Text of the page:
The Senate recently passed the Great American Outdoors Act, landing $1.9 billion per year in repairs and improvements to parks and public lands and $900 million per year in permanent funding to the Land and Waters Conservation Fund (LWCF). With House passage and a Presidential signature likely soon, rural counties could see significant increases in funding for parks and public lands access projects. 

Conservation groups, who have campaigned to make the LWCF permanent and fully funded for decades, applauded the results. 

“It fulfills a promise we made 55 years ago to create a national legacy of investing in our natural resources,” said Whit Fosburgh, president and CEO of the Theodore Roosevelt Conservation Partnership, in a statement. 

“It also fixes our roads, trails, boat ramps, and recreational spaces so future generations can enjoy them. And it helps put Americans back to work through conservation at a time when unemployment rates are at near-record levels.”

The vote “is a win for all Americans,” said Backcountry Hunters and Anglers President and CEO Land Tawney. “We the people set the stage for investing in our shared lands and waters and the spirit of bipartisan compromise that led us to this moment, where we have a once in a generation legislative victory within our grasp.”

LWCF has been an important tool for rural communities who want to pursue outdoor recreation as a vehicle for rural economic development according to Megan Lawson, an economist with Headwaters Economics, an independent, nonprofit research group. 

“LWCF has touched all 50 states, touched thousands of local communities, and it’s an important resource especially in rural places,” Lawson told the Daily Yonder in an interview about the legislation in March. 

Lawson said that many rural communities have a difficult time finding resources to invest in the parking lots, boat launches, trailheads, and other access points necessary for outdoor recreation. The legislation provides federal resources to solve those challenges.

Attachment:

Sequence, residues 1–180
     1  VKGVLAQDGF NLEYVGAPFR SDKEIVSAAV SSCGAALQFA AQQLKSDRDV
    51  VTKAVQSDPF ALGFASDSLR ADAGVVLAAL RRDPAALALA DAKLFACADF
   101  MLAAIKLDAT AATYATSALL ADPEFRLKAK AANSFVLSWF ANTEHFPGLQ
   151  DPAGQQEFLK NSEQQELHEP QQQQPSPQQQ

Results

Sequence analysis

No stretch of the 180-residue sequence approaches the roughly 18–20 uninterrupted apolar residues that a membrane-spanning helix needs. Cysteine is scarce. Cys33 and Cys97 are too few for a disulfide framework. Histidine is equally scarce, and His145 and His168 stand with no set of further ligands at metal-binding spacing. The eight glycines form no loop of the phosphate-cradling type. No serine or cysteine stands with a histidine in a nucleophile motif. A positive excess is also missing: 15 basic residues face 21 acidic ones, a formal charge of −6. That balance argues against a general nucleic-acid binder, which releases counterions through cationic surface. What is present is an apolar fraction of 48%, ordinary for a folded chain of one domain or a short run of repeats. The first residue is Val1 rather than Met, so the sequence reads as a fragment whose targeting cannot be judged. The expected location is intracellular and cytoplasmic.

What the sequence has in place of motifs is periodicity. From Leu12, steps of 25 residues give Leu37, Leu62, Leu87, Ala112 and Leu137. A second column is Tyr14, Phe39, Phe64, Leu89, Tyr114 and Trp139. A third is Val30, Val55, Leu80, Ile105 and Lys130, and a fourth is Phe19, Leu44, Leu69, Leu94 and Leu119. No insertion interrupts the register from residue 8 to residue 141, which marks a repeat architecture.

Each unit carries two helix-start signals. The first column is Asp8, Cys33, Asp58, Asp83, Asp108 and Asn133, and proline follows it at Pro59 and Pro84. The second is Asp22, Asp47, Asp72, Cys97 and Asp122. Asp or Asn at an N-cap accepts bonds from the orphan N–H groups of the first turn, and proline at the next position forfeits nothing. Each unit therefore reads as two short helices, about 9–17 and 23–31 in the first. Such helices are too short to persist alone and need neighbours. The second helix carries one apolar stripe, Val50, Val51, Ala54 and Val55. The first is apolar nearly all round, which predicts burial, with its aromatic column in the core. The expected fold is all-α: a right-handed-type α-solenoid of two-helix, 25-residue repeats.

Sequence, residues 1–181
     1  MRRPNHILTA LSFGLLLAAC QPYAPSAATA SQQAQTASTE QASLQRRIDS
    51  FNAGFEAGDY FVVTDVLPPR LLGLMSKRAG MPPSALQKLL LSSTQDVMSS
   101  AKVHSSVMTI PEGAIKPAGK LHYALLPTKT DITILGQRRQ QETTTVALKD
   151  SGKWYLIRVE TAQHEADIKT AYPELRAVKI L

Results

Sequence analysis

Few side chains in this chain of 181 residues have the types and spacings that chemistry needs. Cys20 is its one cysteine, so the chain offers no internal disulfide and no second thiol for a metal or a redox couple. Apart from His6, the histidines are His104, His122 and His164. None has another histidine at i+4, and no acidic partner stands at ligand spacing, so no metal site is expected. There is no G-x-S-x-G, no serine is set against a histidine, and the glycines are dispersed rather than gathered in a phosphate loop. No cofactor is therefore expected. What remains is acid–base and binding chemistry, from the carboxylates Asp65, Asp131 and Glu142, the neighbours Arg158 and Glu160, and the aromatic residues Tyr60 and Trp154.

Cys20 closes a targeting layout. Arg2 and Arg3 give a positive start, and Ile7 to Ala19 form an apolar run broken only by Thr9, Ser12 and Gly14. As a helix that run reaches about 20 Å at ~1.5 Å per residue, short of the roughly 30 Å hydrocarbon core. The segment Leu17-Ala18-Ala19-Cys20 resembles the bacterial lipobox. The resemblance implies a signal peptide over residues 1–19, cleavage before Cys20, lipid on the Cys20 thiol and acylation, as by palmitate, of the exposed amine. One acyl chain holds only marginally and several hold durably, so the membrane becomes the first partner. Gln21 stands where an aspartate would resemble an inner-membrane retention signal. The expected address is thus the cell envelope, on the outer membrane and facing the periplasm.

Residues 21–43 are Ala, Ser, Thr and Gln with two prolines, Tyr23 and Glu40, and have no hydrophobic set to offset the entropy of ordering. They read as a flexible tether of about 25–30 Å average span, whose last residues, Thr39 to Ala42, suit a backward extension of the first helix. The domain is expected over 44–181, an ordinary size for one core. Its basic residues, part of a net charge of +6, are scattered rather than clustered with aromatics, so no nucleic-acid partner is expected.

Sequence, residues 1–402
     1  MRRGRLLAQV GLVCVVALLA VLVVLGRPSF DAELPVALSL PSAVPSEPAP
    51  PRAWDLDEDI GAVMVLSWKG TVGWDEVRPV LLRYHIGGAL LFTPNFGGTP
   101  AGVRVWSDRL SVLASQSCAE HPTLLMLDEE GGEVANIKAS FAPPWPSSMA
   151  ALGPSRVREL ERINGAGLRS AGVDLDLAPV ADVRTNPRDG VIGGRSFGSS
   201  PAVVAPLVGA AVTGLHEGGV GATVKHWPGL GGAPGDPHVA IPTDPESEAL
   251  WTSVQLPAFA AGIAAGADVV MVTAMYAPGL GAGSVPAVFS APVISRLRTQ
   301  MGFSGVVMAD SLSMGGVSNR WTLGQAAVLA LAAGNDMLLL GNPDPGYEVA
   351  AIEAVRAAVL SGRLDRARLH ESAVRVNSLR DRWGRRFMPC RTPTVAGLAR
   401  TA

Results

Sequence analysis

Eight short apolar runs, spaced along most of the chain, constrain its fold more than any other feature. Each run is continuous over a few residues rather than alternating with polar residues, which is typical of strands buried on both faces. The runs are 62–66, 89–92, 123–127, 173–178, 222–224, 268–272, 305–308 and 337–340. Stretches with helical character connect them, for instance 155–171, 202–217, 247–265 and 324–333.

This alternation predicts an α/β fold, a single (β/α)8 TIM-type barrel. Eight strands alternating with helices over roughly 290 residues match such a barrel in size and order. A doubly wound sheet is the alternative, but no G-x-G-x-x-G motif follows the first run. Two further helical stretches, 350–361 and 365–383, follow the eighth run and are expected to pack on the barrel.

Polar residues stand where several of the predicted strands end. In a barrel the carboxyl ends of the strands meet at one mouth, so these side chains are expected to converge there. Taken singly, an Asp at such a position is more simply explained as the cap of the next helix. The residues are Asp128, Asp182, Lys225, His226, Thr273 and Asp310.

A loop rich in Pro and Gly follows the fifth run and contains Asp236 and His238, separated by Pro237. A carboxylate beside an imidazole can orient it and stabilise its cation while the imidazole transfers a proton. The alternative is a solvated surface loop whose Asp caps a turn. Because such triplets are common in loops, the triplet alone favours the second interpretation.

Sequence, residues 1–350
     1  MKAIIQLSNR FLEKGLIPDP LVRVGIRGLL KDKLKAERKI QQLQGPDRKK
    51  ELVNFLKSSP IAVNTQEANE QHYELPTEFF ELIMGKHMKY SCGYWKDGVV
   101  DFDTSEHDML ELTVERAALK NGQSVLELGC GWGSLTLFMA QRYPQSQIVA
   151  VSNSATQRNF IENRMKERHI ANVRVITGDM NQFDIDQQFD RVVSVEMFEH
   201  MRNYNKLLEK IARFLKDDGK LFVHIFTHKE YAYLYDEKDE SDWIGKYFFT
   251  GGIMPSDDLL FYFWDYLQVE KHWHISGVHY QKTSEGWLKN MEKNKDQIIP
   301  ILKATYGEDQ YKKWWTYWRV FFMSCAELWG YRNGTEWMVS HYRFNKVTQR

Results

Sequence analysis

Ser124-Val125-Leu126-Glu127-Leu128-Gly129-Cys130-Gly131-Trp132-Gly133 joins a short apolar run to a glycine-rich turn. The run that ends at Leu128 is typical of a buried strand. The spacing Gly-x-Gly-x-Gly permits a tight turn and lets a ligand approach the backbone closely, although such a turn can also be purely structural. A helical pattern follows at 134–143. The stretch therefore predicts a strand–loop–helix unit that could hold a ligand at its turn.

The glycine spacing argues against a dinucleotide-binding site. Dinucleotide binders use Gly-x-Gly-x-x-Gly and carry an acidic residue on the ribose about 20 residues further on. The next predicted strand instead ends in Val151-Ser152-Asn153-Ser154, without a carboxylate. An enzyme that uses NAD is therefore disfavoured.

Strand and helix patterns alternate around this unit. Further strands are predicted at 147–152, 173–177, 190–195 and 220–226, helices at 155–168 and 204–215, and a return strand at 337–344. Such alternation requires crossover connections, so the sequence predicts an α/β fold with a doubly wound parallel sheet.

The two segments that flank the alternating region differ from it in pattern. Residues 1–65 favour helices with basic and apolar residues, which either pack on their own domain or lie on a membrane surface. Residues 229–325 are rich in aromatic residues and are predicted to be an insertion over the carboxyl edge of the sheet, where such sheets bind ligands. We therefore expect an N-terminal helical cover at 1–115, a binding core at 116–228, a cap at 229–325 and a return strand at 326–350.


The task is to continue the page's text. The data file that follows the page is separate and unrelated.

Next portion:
The bill is a rare piece of bipartisan legislation likely to pass in this highly polarized Congressional session. The U.S. Senate voted 73-25 to pass the Great American Outdoors Act last week. 

All 25 “no” votes on the bill were Republican Senators. Lead sponsors in the Senate were Sens. Cory Gardner (R-CO), Joe Manchin (D-WV), Steve Daines (R-MT), Mark Warner (D-VA), Rob Portman (R-OH), and Martin Heinrich (D-NM). 

In the House, the companion legislation is sponsored by Rep. John Lewis (D-GA) and currently has 28 co-sponsors from both parties. The bill has not yet been scheduled for a vote. 

In addition to permanent funding of LWCF at $900 million per year, the bill also provides $1.9 per year for the next five years between the National Park Service (70%), U.S. Forest Service (15%), U.S. Fish and Wildlife Service (5%), Bureau of Land Management (5%) and the Bureau of Indian Education (5%). 

The parks’ repair funds would help to fill a backlog of more than $12 billion in deferred maintenance for the National Park Service alone, said Phil Francis, Chair of the Coalition to Protect America’s National Parks.

“This act will address the crippling $12 billion deferred maintenance backlog at our national parks, a step that is critical to the continued protection and preservation of our treasured natural and cultural resources,” Francis said in a statement.

According to a Stateline analysis of Census data, the trend for outdoor recreation in rural communities is part of what drove the overall slight growth of the rural population in the United States from 2016 to 2017. This growth reversed population declines present since 2010.

While rural counties with large mining and farming industries shrank, counties with large recreation industries grew the most of any sector, by about 42,000 jobs. There are approximately 6.3 million rural recreation jobs nationwide.

These economic trends have changed, however, with the outbreak of Covid-19 in rural counties. As Daily Yonder reported on the April jobs numbers, rural counties dependent on outdoor recreation faced increased unemployment compared to non-recreation-dependent rural counties. 

According to our reporting, rural counties with recreation economies lost 13.3% of their jobs. 

Conservation groups linked the bill to a potential economic boost in the Covid-19 recovery effort. 

“As the last few months have demonstrated, nature plays a vital role in our emotional and economic well-being,” said Tom Cors, director of government relations for lands at The Nature Conservancy. 

“The investments in this bill will protect important landscapes, expand outdoor recreation opportunities nationwide, and ensure our great outdoors and the communities it supports will be ready for generations of visitors to come.”

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